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PCOS is the commonest cause of anovulatory infertility. Many potential therapies are available and the mainstay of treatment centers around enhancing general health to achieve the best reproductive outcome for mother and baby. We describe the pathophysiology of anovulation in brief before an outline of pragmatic evidence-based algorithm for ovulation induction therapies.
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The influence of gelatin-cystine and serenoa repens on hair growth was studied through a long period application (50 weeks) of a new cosmeceutical lotion. On 48 volunteers (24 women and 24 men) aged between 21 and 38 years, affected by androgenetic alopecia (type III and IV according to Hamilton). 12 subjects also took a diet supplement (4 pills per day) based on gelatin- cystine. The solution and the diet supplement (placebo and active) were assigned in a randomized double-blind manner. Hair mass and the mean hair number were controlled according to Price et al. Exclusion criteria included use of topical or oral drug or diet supplement within the previous six months. The obtained results showed an increase of hair mass from 20 to 30% (p<0.005) together with a contemporary increase of hair number (from 17 to 27%) (p<0.005) compared to the placebo for subjects using the lotion only. With the diet supplement a further increase of 50% (p<0.005) in hair growth and a significant decrease of blood ROS (Reactive Oxigen Species) were obtained.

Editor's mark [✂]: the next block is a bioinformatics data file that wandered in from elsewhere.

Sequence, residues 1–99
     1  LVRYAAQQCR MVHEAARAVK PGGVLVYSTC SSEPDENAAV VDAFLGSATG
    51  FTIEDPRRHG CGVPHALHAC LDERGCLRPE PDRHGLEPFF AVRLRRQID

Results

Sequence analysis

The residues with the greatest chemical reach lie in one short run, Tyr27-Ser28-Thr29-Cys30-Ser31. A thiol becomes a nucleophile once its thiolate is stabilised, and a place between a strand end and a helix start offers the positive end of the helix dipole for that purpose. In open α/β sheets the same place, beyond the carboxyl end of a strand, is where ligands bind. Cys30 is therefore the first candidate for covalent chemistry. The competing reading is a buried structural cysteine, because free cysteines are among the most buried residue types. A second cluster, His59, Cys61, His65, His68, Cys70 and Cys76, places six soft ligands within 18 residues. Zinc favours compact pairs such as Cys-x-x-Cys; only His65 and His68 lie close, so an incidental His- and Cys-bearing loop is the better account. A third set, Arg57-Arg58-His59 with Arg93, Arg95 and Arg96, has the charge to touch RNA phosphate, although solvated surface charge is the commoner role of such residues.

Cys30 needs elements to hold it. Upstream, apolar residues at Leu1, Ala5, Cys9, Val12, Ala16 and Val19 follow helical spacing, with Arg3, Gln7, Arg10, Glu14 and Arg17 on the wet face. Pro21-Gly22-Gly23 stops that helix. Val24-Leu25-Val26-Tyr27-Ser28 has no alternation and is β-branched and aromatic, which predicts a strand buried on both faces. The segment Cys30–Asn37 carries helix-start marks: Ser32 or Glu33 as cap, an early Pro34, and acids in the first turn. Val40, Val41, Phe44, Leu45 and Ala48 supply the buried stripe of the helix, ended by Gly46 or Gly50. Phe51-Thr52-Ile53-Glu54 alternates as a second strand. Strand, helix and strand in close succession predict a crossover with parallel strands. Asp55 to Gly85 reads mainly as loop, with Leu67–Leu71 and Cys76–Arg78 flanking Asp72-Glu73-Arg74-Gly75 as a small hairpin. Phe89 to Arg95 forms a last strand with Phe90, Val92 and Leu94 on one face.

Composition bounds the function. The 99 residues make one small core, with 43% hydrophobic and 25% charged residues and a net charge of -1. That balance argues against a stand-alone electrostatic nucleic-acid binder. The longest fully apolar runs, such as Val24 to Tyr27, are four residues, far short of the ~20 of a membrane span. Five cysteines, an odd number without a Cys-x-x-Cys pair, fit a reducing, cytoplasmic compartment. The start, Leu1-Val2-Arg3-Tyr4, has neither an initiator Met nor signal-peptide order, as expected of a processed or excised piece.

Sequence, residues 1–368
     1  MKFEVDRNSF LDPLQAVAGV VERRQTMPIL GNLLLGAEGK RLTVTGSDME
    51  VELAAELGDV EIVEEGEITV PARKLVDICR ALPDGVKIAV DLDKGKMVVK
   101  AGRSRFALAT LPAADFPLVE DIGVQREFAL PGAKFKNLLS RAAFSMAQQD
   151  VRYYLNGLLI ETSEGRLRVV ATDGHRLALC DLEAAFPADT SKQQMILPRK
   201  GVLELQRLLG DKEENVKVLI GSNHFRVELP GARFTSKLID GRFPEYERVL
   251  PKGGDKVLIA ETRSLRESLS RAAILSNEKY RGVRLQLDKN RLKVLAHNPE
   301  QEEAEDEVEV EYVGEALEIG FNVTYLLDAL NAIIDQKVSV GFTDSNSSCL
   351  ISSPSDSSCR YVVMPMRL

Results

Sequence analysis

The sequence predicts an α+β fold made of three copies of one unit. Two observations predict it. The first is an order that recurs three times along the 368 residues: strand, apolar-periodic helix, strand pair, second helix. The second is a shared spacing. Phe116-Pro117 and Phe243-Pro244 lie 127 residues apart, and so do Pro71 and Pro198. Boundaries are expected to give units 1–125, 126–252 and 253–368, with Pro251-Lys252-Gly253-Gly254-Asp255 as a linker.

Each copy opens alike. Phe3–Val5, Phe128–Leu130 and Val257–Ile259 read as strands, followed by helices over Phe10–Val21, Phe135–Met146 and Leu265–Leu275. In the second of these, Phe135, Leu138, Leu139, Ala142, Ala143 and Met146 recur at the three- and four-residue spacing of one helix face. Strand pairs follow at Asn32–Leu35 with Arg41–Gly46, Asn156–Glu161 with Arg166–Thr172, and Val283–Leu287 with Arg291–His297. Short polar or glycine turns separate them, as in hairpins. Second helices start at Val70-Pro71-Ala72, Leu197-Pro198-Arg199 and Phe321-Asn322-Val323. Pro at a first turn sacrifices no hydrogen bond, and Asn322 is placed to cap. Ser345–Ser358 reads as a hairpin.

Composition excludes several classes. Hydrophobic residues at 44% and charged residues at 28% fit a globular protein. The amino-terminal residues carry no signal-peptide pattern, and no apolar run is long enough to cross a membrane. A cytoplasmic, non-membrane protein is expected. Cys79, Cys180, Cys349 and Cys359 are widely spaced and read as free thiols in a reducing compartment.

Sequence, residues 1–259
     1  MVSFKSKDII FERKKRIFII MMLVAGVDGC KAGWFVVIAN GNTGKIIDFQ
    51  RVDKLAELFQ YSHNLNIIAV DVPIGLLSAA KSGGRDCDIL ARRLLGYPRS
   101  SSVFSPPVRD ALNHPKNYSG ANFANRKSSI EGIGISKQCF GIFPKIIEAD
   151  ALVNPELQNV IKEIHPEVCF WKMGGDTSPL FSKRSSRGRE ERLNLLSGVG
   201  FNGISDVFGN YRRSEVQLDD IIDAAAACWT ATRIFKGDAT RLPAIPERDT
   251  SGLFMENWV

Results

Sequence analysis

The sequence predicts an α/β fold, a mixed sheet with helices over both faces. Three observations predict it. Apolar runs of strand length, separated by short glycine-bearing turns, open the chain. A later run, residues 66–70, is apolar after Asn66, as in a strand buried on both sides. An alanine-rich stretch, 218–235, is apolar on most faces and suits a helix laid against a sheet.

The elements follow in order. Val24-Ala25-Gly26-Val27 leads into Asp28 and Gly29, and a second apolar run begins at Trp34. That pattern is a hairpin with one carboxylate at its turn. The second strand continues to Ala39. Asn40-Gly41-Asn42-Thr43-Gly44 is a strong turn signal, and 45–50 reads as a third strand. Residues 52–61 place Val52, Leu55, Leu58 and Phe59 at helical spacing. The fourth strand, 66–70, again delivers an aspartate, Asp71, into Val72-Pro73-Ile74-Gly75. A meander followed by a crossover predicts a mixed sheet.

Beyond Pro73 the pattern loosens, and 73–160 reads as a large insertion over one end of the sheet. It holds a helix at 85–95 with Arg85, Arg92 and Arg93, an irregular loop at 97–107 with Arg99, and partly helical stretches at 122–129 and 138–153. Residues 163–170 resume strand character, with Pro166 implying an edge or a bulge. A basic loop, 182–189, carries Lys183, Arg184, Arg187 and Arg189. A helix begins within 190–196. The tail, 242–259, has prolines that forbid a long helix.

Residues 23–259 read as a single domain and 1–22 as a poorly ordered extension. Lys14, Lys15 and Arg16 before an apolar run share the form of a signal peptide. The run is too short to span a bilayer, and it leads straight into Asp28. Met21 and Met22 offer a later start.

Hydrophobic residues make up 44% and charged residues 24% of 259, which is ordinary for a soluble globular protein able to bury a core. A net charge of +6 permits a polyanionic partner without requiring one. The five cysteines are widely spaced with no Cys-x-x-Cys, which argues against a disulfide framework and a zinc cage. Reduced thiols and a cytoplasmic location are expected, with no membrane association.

Poster
Background: Topical minoxidil has been used effectively for treatment of androgenetic alopecia in men and women. Recently, two phase 3, randomized, multicenter studies (one active-controlled and one vehicle-controlled) were conducted to evaluate the effectiveness of women’s 5% minoxidil topical foam (5% MTF) applied once a day for treatment of FPHL. Pooled data from common endpoints of the two studies are presented in this analysis. Individual publications for each study are in preparation. JAAD - May 2015 Volume 72, Issue 5, Supplement 1, Page AB112